It seems like an insurmountable engineering feat: Tow concrete hulls weighing 12,000 tons far offshore, erect towers atop them that rise hundreds of feet above the ocean with rotor blades the span of a football field, and somehow get them to produce significant amounts of wind energy despite the violent seas and notorious weather of the North Atlantic Ocean.
All that without embedding the colossal structures into the seafloor, because unlike traditional offshore wind turbines, these will float.
And that’s exactly what Habib Dagher intends to pull off in the Gulf of Maine, with the first of these monumental structures planned for a location a few miles off the coast of Monhegan Island in 2025.
Dagher is the executive director of the Advanced Structures and Composites Center at the University of Maine in Orono, and his is the first in the United States of the next generation of wind turbines that are the new great hope of the clean energy world. Federal officials estimate that two-thirds of the nation’s potential wind power are in waters too deep for traditional wind turbines, with some of the best locations off the coast of New England, particularly the Gulf of Maine.
“This is a major opportunity,” said Dagher, who has been researching and designing floating turbine technology for more than a decade. “There’s enough offshore wind to power the country four times over, all within 50 miles of shore.”
Engineers such as Dagher envision vast floating wind farms in the Gulf of Maine, where federal officials estimate that reliable gusts well offshore have the capacity to generate more than five times the amount of electricity used on an average day in New England. But their vision has sparked criticism from fishermen, who have raised concerns about the impact of floating turbines on marine life and worry about their ability to fish in industrialized waters.
Dagher’s team has received millions of dollars in research and development funding from the federal government, which has been promoting floating wind as a way to solve the thorny problems of erecting turbines too close to shore, where they tend to stoke opposition, and to take advantage of all the potential wind power farther out.
His design relies on steel-reinforced concrete hulls, each with three massive, partially submerged columns, that are specially designed to limit the pitch of their turbines by only a few degrees — even in 70-foot waves and gusts of more than 100 miles per hour.
His team members’ first prototype, tested in 2013, proved their concept, as have similar projects built more recently off the coast of Scotland and elsewhere in Europe, they said. Scotland this year raised nearly $1 billion from leases of coastal waters for the construction of 15 gigawatts of floating wind power, enough for some 5 million homes.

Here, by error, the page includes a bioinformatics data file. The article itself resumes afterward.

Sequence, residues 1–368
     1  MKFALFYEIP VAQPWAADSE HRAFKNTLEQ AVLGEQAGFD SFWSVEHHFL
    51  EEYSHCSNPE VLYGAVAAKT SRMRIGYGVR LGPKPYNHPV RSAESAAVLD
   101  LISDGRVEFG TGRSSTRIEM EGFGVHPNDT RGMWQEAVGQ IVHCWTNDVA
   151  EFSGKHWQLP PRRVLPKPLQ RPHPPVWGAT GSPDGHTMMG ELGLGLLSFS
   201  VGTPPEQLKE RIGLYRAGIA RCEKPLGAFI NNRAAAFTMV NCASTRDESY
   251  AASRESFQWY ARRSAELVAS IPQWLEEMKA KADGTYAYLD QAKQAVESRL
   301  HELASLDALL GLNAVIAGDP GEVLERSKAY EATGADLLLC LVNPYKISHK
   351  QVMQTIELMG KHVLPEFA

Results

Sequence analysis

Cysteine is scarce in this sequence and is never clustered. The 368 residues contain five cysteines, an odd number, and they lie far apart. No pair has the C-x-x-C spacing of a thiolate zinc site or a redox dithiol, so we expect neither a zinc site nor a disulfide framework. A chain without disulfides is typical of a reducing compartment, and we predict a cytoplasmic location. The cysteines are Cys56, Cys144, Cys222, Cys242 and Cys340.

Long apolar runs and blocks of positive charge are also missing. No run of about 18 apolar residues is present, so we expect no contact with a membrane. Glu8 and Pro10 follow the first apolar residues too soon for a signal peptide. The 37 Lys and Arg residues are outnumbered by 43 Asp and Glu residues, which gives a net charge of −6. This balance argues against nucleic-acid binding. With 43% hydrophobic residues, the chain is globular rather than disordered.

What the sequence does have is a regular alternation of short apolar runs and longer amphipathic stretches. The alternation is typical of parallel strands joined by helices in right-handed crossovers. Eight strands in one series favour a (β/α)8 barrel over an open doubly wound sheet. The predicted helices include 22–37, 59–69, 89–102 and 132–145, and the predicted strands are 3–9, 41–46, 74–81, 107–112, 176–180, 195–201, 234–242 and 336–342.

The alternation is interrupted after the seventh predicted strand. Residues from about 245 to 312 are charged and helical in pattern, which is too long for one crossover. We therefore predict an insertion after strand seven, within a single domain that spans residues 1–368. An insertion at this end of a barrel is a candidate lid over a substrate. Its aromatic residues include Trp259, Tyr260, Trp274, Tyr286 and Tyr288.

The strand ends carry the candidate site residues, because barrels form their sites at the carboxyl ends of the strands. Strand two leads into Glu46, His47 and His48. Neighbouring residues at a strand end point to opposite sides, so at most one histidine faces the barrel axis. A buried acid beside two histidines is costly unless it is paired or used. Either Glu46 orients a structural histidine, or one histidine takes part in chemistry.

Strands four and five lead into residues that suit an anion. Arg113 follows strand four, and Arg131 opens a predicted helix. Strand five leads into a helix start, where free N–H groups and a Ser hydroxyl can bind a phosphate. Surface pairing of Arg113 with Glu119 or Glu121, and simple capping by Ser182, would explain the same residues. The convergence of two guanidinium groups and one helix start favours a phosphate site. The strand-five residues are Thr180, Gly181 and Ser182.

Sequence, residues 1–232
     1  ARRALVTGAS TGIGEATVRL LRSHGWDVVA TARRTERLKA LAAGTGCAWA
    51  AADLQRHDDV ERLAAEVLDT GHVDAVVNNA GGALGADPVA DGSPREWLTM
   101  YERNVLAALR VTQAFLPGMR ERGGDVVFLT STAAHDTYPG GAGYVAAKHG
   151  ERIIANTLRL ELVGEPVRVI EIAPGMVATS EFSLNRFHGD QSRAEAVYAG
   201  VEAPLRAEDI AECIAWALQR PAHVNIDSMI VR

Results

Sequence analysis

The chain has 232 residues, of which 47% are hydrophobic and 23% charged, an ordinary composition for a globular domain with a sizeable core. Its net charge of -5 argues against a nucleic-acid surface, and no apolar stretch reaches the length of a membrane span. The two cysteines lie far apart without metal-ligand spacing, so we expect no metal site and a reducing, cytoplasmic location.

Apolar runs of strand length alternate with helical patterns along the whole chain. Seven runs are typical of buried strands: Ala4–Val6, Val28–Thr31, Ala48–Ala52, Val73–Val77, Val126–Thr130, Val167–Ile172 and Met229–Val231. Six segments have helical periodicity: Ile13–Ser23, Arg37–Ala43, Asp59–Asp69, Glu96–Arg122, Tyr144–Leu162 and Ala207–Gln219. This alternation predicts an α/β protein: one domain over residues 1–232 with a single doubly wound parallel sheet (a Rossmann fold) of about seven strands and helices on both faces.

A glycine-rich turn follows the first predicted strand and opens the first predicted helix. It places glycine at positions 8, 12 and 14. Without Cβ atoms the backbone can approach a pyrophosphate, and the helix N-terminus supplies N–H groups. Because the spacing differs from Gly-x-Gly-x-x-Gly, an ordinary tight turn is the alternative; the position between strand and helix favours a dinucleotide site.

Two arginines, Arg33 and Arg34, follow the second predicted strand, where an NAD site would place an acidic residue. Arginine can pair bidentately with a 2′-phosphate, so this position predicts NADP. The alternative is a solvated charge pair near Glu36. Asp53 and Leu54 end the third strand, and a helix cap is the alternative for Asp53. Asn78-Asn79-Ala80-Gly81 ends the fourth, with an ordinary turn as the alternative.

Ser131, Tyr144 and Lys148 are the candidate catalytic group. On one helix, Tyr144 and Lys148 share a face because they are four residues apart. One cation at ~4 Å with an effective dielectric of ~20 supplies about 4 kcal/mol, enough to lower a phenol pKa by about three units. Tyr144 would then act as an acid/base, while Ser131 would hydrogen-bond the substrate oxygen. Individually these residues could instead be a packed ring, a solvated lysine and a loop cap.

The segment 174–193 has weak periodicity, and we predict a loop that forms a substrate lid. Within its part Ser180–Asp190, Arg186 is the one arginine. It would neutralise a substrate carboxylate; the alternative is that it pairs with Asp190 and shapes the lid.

The floating turbine the team is designing for the location off Monhegan Island would have an 11-megawatt capacity. In addition to the large columns, the turbines would have a range of technologies to keep them stable in the water: heavy mooring lines that weigh about 15 pounds per foot and would be attached to multiple anchors weighing as much as 40 tons; software that automatically moves the rotor blades for optimal energy output; and the equivalent of seismic dampers used in buildings to reduce their movement during an earthquake.
“On a regular day, you would have a hard time seeing it was moving,” Dagher said. “It would look fixed.”
If they can overcome regulatory and political hurdles, and the turbine proves to be sufficiently robust to handle the rough seas, Dagher’s team plans to build a floating farm of a dozen turbines with a capacity for nearly 150 megawatts about 20 miles to the south.
Biden administration officials announced a plan in September to create 15 gigawatts of electricity with floating turbines by 2035. That’s on top of a previous administration goal to build 30 gigawatts of offshore wind using traditional turbines by 2030.
Their plan, part of Biden’s pledge to cut the nation’s carbon emissions by half by the end of the decade, focuses on installing floating turbines in the Gulf of Maine and off the West Coast, where the waters are too deep for traditional turbines.
Last month, Energy Secretary Jennifer Granholm disclosed plans for $50 million in research on the technology and called the administration’s ambitions a “big, hairy audacious goal,” adding that Biden is “all in on making floating offshore wind a real part of our energy mix,” the Associated Press reported.
She said the money, as well as a recently launched competition for new technology, aims to lower the costs of floating wind by 70 percent by 2035.